Standard empty weight (GAMA)

This weight consists of the airframe, engines, and all items of operating equipment that have fixed locations and are permanently installed in the airplane including fixed ballast, hydraulic fluid, unusable fuel, and full engine oil.

Standard holding pattern

A holding pattern in which all turns are made to the right.

Standard instrument departure procedures (SIDS)

Published procedures to expedite clearance delivery and to facilitate transition between takeoff and en route operations.

Standard rate turn

A turn in which an aircraft changes its direction at a rate of 3° per second (360° in 2 minutes) for low- or medium-speed aircraft. For high-speed aircraft, the standard rate turn is 1 1⁄2° per second (360° in 4 minutes).

Standard service volume (SSV)

Defines the limits of the volume of airspace which the VOR serves.

Standard terminal arrival route (STAR)

A preplanned IFR ATC arrival procedure published for pilot use in graphic and/or textual form.

Standard weights

Weights established for numerous items involved in weight and balance computations. These weights should not be used if actual weights are available.

Static longitudinal stability

The aerodynamic pitching moments required to return the aircraft to the equilibrium angle of attack.

Static pressure

Pressure of air that is still or not moving, measured perpendicular to the surface of the aircraft.

Static stability

The initial tendency an aircraft displays when disturbed from a state of equilibrium.


A location in the airplane that is identified by a number designating its distance in inches from the datum. The datum is, therefore, identified as station zero. An item located at station +50 would have an arm of 50 inches.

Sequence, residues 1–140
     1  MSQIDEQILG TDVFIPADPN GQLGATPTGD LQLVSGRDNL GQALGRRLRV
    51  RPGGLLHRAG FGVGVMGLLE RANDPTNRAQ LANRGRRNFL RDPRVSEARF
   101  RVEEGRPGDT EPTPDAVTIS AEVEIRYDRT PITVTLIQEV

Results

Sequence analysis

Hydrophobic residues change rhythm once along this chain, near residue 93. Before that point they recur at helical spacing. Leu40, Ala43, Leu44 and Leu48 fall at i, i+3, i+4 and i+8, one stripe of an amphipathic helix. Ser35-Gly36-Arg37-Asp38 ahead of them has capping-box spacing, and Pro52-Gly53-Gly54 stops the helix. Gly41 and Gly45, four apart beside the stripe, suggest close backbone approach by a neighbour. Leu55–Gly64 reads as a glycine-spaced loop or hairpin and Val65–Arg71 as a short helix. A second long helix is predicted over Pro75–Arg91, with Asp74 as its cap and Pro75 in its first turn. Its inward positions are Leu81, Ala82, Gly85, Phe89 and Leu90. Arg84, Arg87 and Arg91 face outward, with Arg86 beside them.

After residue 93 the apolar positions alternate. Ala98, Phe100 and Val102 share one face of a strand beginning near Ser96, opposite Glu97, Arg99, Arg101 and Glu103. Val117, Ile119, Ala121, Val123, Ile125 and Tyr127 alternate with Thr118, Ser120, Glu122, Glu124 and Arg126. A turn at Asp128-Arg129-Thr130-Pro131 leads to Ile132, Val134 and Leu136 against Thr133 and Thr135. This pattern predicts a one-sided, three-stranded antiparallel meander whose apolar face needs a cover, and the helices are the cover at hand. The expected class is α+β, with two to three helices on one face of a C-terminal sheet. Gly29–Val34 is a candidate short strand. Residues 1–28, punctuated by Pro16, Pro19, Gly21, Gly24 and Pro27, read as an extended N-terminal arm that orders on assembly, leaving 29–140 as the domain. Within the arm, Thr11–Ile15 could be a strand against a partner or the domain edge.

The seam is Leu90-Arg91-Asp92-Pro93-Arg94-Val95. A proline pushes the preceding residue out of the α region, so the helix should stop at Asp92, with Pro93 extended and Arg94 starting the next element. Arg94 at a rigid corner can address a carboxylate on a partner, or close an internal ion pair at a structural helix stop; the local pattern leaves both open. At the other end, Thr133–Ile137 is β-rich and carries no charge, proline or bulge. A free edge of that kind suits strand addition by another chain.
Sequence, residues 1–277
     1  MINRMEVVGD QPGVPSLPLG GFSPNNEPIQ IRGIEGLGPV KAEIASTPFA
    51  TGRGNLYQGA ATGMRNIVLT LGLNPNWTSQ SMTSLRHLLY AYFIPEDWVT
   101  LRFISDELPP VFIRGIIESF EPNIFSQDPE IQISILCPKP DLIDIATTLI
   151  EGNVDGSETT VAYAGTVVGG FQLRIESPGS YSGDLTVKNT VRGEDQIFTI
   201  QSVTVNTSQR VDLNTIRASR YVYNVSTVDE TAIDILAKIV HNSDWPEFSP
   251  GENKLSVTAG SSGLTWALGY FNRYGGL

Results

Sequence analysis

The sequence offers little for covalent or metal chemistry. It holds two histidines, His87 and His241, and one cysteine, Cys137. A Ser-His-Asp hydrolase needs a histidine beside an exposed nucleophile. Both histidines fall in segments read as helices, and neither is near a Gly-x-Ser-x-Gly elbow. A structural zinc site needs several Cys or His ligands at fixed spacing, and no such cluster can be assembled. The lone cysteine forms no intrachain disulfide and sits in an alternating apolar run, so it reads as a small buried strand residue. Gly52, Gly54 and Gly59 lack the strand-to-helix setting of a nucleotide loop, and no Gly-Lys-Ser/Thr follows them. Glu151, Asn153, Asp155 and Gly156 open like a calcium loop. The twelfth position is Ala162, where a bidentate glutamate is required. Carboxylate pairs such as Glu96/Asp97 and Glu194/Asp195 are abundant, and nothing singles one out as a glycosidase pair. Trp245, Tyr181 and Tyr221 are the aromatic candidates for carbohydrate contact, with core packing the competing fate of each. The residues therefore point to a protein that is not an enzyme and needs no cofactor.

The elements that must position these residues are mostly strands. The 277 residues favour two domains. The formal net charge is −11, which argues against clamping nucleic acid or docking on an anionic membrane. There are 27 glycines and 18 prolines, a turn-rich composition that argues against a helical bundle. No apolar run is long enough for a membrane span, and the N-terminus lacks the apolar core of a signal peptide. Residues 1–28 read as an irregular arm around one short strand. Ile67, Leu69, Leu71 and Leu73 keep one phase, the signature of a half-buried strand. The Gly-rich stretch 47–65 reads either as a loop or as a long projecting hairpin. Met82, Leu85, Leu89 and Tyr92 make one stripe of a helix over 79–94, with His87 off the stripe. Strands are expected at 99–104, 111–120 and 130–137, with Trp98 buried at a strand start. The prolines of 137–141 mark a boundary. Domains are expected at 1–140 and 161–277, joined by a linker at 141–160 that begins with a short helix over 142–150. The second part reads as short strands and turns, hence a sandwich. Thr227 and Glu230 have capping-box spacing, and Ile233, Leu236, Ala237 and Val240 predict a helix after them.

Stationary front

A front that is moving at a speed of less than 5 knots.

Steep turns

In instrument flight, any turn greater than standard rate; in visual flight, anything greater than a 45° bank.

Stepdown fix

The point after which additional descent is permitted within a segment of an IAP.

Strapdown system

An INS in which the accelerometers and gyros are permanently “strapped down” or aligned with the three axes of the aircraft.


A layer of the atmosphere above the tropopause extending to a height of approximately 160,000 feet.


The body’s response to demands placed upon it.

Stress management

The personal analysis of the kinds of stress experienced while flying, the application of appropriate stress assessment tools, and other coping mechanisms.

Structural icing

The accumulation of ice on the exterior of the aircraft.


Process by which a solid is changed to a gas without going through the liquid state.

Suction relief valve

A relief valve in an instrument vacuum system required to maintain the correct low pressure inside the instrument case for the proper operation of the gyros.


An engine- or exhaust-driven air compressor used to provide additional pressure to the induction air so the engine can produce additional power.

Supercooled water droplets

Water droplets that have been cooled below the freezing point, but are still in a liquid state.

Surface analysis chart

A report that depicts an analysis of the current surface weather. Shows the areas of high and low pressure, fronts, temperatures, dewpoints, wind directions and speeds, local weather, and visual obstructions.


A device used to transmit indications of angular movement or position from one location to another.

Synthetic vision

A realistic display depiction of the aircraft in relation to terrain and flight path.